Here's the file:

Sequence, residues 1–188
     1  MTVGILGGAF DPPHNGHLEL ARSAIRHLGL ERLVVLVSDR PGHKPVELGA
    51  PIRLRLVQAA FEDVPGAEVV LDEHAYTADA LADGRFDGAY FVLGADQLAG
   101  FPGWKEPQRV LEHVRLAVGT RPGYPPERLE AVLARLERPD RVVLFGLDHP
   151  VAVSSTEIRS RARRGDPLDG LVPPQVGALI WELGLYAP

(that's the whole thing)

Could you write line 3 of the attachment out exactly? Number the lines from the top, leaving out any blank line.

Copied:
    51  PIRLRLVQAA FEDVPGAEVV LDEHAYTADA LADGRFDGAY FVLGADQLAG